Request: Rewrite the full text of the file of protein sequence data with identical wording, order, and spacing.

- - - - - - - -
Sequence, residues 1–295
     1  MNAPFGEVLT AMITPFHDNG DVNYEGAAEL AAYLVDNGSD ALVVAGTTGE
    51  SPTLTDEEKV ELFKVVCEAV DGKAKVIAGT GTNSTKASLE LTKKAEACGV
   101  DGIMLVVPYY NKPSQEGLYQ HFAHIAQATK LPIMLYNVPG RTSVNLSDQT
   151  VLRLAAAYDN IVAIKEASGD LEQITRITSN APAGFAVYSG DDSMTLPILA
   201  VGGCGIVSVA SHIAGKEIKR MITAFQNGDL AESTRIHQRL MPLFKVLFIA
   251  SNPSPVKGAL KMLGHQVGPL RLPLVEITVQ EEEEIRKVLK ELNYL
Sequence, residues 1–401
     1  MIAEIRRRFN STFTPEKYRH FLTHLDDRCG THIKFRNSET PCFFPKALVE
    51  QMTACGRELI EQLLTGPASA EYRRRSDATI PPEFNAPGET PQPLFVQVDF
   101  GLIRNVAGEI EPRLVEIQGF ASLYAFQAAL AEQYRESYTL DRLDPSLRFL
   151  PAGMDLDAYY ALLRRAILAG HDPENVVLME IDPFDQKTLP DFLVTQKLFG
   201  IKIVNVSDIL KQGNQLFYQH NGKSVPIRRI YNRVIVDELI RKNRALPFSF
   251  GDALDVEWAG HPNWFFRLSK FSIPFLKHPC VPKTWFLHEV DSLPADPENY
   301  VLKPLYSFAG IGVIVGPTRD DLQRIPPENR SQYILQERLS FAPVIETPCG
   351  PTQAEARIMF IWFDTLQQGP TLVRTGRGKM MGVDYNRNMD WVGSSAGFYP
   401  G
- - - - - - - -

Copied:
Sequence, residues 1–295
     1  MNAPFGEVLT AMITPFHDNG DVNYEGAAEL AAYLVDNGSD ALVVAGTTGE
    51  SPTLTDEEKV ELFKVVCEAV DGKAKVIAGT GTNSTKASLE LTKKAEACGV
   101  DGIMLVVPYY NKPSQEGLYQ HFAHIAQATK LPIMLYNVPG RTSVNLSDQT
   151  VLRLAAAYDN IVAIKEASGD LEQITRITSN APAGFAVYSG DDSMTLPILA
   201  VGGCGIVSVA SHIAGKEIKR MITAFQNGDL AESTRIHQRL MPLFKVLFIA
   251  SNPSPVKGAL KMLGHQVGPL RLPLVEITVQ EEEEIRKVLK ELNYL
Sequence, residues 1–401
     1  MIAEIRRRFN STFTPEKYRH FLTHLDDRCG THIKFRNSET PCFFPKALVE
    51  QMTACGRELI EQLLTGPASA EYRRRSDATI PPEFNAPGET PQPLFVQVDF
   101  GLIRNVAGEI EPRLVEIQGF ASLYAFQAAL AEQYRESYTL DRLDPSLRFL
   151  PAGMDLDAYY ALLRRAILAG HDPENVVLME IDPFDQKTLP DFLVTQKLFG
   201  IKIVNVSDIL KQGNQLFYQH NGKSVPIRRI YNRVIVDELI RKNRALPFSF
   251  GDALDVEWAG HPNWFFRLSK FSIPFLKHPC VPKTWFLHEV DSLPADPENY
   301  VLKPLYSFAG IGVIVGPTRD DLQRIPPENR SQYILQERLS FAPVIETPCG
   351  PTQAEARIMF IWFDTLQQGP TLVRTGRGKM MGVDYNRNMD WVGSSAGFYP
   401  G